Injury and insults were respectively consigned to history at Plumpton yesterday when Robert Thornton and Medermit each made a significant return to the fold. For Thornton, success in the novice hurdle on Jetnova was his first since he confounded science by halving an anticipated year's absence with a serious knee injury. He then proceeded to complete a double on Medermit, who had disgraced himself by refusing a fence at Huntingdon on his previous start.
Whether the horse did enough to renew hope in anyone who had prematurely backed him for the Irish Independent Arkle Trophy is another matter. Held up, he did jump tidily for the most part, but hit the fourth last before regrouping to lead two out and see off Tullamore Dew by just over three lengths.
In fairness, this was probably a pretty decent race for the track and Alan King was simply relieved to see Medermit put his Huntingdon debacle behind him. "Bar the fourth last, I thought he jumped great," the trainer said. "And 'Choc' blames himself for that. I haven't got quite as much schooling into him as I would have liked, as the schooling ground has been frozen for the last fortnight. He should improve for that, and could easily step up in trip as well. So while I suppose the Arkle is likely, I wouldn't say it's set in stone."
With a new novice chase to tempt him at the Festival, over two and a half miles, he would certainly discourage anyone getting involved at 10-1 with Totesport for the Arkle.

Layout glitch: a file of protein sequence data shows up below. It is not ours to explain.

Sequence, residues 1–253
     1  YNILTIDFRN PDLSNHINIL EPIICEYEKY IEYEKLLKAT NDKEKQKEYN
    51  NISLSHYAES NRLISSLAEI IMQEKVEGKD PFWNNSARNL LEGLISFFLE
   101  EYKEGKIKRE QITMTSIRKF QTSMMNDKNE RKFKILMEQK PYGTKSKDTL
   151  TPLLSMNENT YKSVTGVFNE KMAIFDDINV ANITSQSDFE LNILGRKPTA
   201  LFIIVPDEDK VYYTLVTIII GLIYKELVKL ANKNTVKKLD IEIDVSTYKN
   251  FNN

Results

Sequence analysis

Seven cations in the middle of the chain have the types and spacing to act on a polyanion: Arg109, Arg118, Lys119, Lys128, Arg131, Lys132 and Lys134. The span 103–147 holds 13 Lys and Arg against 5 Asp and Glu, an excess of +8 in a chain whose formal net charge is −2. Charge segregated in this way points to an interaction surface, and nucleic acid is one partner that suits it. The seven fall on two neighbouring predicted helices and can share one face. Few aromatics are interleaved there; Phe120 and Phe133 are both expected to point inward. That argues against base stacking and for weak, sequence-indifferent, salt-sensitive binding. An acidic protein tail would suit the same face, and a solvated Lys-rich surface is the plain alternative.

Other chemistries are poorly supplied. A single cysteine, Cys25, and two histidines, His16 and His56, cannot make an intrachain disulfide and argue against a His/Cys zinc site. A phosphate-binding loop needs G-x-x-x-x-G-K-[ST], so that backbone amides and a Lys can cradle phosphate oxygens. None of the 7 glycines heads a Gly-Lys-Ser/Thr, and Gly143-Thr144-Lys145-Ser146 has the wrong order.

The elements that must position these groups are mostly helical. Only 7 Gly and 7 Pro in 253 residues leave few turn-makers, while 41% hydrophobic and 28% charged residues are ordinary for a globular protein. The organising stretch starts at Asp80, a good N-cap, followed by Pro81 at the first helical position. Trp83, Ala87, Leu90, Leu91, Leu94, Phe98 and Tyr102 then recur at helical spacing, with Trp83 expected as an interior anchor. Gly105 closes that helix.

Thornton himself could certainly testify that planning ahead is always pretty imprudent in jump racing. Back in July he ruptured three out of four knee ligaments in a fall, and was told that recuperation was likely to take 12 months. Ten days ago, however, he completed an astonishing comeback, and on Jetnova he demonstrated fitness and stamina to wear down two previously unbeaten rivals.
The return of arctic weather threatens to disrupt the calendar once again, later in the week, but the clerk of the course at Kempton yesterday professed himself "confident" the William Hill King George VI Chase would survive on Boxing Day. Frost blankets are being laid over the track today and tomorrow, and Brian Clifford has been advised by the Met Office that severe frosts are unlikely over Christmas. He reports the present going as good, if somewhat on the fast side in places.
Ed Dunlop, trainer of Snow Fairy, said yesterday that his filly may resume her travels in the new year, with the Dubai World Cup high on the agenda, after reaching a breathtaking new peak in the Hong Kong Cup on Sunday.
Chris McGrath's nap
Island Jim (3.05 Folkestone) An experiment with chasing backfired last time, but he had previously shown glimpses of ability in qualifying for a fairly modest rating in this, his first handicap. Stable is in better form now, too.
American Ladie (12.35 Folkestone) French import was weak in the betting for her Lingfield debut, but travelled well for a long way behind a mare who has since followed up in stronger company.
One to watch
Presenting Forever (J Howard Johnson) could not stem the rally of Midnight Chase at Cheltenham on Friday, but the way he had challenged confirmed him an extremely progressive chaser.
Where the money's going
Support for Woolcombe Folly in the Queen Mother Champion Chase prompted William Hill to go 10-1 from 12-1.
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